Sorry. I think I mixed up a few threads. In another thread @ECMO3 was telling me that in order for a master chef to have +12 with cooking tools, you must use the monster creation rules which say that the master chef has to be CR 9 to get there. I think you probably didn't see that thread, which is why my joke caused confusion.

For the record, I stand by my assertion that I can just take an NPC with no stats and give him +12 as the king's master chef. I suspect that we are in agreement with that. :)
Ouch. Where's that thread? I may want to speak, at volume. :)
 

Maxperson

Morkus from Orkus
Ouch. Where's that thread? I may want to speak, at volume. :)

That's not the beginning of the discussion, but it's a post where the claim is repeated.
 

Thomas Shey

Legend
Yes, few things are a necessity, that's one of the reasons I pushed back against the idea of NPC to PC parity as being a necessity.

That it's a virtue is a matter of opinion, as you state. I'm perfectly fine with folks who prefer it that way. But if they assign some trait to it that I think is inaccurate... or assign a trait to not doing it, as is often the case... then I'll call it out. So when someone says that not having such parity "leads to inconsistencies in the fiction" or "damages verisimilitude", then I'll explain why that's inaccurate.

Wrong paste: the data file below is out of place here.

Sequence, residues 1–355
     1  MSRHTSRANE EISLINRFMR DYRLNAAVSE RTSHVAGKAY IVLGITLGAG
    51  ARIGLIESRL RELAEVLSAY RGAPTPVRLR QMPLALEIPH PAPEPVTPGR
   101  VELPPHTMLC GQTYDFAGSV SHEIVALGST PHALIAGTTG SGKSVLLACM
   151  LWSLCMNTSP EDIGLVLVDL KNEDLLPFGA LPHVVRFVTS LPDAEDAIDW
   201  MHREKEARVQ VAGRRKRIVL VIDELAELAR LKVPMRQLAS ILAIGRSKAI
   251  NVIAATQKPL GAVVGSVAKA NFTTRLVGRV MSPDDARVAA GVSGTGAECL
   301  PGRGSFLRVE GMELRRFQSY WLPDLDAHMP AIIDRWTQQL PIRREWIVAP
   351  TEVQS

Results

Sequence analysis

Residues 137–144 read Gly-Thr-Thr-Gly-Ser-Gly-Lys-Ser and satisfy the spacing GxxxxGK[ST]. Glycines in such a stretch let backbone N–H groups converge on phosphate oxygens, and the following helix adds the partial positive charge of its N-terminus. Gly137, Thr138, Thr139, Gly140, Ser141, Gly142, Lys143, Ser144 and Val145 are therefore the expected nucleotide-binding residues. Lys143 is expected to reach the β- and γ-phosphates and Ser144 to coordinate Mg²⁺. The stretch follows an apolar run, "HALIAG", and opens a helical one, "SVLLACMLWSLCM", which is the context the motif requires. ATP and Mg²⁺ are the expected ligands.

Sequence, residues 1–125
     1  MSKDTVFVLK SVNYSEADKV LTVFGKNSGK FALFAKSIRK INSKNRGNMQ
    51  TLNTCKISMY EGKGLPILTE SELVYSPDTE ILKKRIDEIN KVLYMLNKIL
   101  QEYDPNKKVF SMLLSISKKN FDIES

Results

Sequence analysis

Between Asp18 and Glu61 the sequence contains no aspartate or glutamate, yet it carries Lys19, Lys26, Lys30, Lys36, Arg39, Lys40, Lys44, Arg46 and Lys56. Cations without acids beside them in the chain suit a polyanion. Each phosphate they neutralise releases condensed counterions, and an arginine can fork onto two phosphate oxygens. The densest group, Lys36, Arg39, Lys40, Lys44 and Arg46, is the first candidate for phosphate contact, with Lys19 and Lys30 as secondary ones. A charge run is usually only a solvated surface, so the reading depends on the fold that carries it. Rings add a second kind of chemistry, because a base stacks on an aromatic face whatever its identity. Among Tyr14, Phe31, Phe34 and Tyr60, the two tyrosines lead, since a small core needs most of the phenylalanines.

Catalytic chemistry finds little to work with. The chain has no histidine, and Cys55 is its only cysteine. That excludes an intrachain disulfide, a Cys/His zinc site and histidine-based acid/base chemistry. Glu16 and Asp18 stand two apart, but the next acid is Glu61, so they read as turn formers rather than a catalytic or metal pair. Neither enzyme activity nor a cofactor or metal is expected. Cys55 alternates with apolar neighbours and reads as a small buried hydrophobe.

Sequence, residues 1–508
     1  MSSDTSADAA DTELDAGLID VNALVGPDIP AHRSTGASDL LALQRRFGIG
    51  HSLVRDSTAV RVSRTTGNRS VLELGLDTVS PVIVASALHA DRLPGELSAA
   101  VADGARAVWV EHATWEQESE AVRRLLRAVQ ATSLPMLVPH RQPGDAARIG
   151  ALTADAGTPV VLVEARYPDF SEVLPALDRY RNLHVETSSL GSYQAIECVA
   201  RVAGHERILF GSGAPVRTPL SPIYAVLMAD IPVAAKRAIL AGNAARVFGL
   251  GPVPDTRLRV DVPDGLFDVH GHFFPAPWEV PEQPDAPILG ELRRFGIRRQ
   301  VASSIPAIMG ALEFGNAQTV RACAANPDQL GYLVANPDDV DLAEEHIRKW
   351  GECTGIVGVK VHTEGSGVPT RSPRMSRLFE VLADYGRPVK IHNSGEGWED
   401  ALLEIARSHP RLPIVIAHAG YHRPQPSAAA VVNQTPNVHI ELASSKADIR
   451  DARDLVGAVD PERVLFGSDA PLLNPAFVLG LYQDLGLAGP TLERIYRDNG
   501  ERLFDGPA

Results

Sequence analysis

Well, I have to point out that "damage verisimilitude" is also subjective, so there's a limit you can do to disprove that one. I kind of agree it does, but that involves my sense of verisimilitude. That may (and from context, probably isn't) may not equate to yours.

If you want to elaborate on why you think it is a virtue, feel free. I may or may not agree... but that's fine, as it's all opinon. I don't expect you would agree with my take and its virtues. I'll not try and paint you as belligerent for that.

Like I said, to be honest, it doesn't strike me as likely to be productive.
 


I mean I rarely build NPCs as with full actual PC rules either. It is just an approximation. Like for example I take "knight" monster statblock, and replace parry and leadership features with some spells and we have and eldritch knight or something close enough, or give "bandit captain" a sneak attack and so forth.

Like I get that for usability it is useful to sometimes streamline things. If I had infinite time and brainpower, I would prefer full PC rules for NPCs, but I don't, so trade-offs need to be made. I just want them to feel sameish.
So, in practice we are on the same page, which frankly I always assumed would be mostly true. When running 4e, frex, I take a stat block which is mechanically appropriate, reflavor things, and maybe make some mechanical adjustments, though often it's no more than keywords. Many times I might think "hey, I can just make a power that looks like X". Like I made an NPC one time that was basically a Beastmaster ranger, just take an elf archer, give it a cat, etc. but I could have given any thematic ability.